From the beginning of the journey, Kttrtz is described to Marlow as a great and powerful man. Before having any experience on the journey or information about the tasks carried out in the Congo, Marlow hears of Kurtz‘s reputation as “the best agent” and “an exceptional man, of the greatest importance to the Company.” Therefore, Marlow has high regard for Kurtz from the start based on all the wonderful things everyone had to say about him, Much like the Africans, Marlow does not question these descriptions of Kurtz, accepting them and viewing Kurtz as an archetype of a god. Once Marlow learns more about the operations behind the Company, he opens up to the idea that Kurtz is not the great man he is made out to be. For example, Kurtz threatened to shoot if he did not get the ivory, and he had so much power “there was nothing on earth to prevent him killing“ anyone he wanted to kill. When Kurtz’s true personality is finally described to Marlow, he is shocked by these facts. Though Marlow believes that Kurtz has done these things, he cannot stop thinking of Kurtz as a man of principles and power and, despite these harsh things, Marlow still respects Kurtzl At the end of the book when Marlow accepts Kurtz’s actions and finally meets him face to face, Marlow sees that “he is crawling on all»fours“ and slowly dying, but does “not betray [him]”. Marlow has respected Kurtz through this whole journey, from believing he was a remarkable man to knowing of his wrongdoings, and even as Kurtz withdraws from his life, Marlow still wants to meet him and talk. Although Kurtz has never heard of Marlow before the two meet, he entrusts Marlow with “a packet of papers and a photograph,” which Marlow then feels it is his duty to return to Kurtz’s Intended. Marlow treats Kuttz’s life as if it was lived by a distinguished man, and following his passing, Marlow continues to tell his and Kurtz’s story. Through his three differing experiences with people of different importance to him, Marlow expresses a range of impact of these people’s‘ deaths. From the insignificant Africans to his own helmsman and eventually the man whom he admired through his deception, Marlow shows how the importance of their life in relationship to him 7 whether he watched them pass by or delivered their final wishes — played into his mourning (or lack therof) when they died.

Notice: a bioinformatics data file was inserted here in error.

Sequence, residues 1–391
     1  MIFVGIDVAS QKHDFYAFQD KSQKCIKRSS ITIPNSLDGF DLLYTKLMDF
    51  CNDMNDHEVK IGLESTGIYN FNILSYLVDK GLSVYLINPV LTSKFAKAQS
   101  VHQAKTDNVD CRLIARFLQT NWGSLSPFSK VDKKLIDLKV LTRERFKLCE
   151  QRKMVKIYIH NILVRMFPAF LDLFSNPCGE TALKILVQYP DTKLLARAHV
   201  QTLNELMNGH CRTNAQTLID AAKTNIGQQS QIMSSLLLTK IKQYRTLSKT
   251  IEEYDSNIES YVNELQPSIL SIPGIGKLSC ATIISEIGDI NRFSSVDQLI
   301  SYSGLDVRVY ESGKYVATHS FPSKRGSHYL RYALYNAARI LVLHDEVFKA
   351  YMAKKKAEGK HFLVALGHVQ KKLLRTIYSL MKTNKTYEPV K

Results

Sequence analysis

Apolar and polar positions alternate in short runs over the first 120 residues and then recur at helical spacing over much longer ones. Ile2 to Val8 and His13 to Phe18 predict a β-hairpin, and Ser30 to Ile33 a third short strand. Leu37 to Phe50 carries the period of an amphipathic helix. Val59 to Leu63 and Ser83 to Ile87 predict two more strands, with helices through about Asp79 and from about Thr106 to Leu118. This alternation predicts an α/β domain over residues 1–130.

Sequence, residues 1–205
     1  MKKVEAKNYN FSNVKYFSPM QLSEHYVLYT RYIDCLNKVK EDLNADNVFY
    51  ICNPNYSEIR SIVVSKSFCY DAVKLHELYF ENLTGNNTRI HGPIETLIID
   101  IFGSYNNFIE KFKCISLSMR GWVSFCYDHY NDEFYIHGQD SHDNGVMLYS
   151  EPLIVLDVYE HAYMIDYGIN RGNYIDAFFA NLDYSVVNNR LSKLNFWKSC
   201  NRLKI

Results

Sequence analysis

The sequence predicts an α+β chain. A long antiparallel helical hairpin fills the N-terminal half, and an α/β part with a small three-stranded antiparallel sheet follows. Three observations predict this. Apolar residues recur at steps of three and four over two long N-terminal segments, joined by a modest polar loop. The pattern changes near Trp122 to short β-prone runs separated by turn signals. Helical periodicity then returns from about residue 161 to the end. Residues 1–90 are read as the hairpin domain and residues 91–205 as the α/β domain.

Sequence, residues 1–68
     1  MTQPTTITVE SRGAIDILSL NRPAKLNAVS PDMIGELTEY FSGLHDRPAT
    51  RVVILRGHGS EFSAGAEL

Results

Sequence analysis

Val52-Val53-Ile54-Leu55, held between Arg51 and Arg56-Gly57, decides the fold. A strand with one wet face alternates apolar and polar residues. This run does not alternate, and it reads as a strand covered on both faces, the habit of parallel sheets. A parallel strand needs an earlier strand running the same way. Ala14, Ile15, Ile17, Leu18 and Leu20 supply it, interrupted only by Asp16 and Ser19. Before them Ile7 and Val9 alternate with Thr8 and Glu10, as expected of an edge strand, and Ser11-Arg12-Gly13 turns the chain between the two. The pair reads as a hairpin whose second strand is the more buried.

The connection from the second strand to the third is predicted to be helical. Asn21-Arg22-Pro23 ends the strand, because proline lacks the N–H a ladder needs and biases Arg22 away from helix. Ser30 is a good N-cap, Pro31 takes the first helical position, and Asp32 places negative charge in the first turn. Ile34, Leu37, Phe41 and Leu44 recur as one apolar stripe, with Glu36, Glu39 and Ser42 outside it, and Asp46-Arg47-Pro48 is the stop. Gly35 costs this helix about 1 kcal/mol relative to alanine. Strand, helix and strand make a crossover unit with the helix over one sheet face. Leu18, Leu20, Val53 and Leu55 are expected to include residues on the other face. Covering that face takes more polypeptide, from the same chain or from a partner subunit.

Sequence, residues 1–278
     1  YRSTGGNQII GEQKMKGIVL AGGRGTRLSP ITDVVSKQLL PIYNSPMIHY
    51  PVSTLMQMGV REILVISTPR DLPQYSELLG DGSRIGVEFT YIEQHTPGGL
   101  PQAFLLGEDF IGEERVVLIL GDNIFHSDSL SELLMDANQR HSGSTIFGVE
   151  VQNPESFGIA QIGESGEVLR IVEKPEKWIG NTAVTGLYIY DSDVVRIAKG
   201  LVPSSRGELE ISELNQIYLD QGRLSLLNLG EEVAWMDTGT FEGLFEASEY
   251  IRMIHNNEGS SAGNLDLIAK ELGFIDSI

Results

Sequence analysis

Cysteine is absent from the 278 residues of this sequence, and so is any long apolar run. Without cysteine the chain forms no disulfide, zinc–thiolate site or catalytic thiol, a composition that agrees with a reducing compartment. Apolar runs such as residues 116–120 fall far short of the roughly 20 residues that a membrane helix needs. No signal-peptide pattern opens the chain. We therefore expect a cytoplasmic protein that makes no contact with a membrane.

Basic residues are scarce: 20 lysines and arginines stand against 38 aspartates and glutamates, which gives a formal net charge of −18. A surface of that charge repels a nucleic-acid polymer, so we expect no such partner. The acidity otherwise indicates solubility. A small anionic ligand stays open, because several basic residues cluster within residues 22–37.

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A Story of Life and Death in Heart of Darkness, a Novella by Joseph Conrad. (2022, Jul 13). Retrieved from https://studymoose.com/a-story-of-life-and-death-in-heart-of-darkness-a-novella-by-joseph-conrad-essay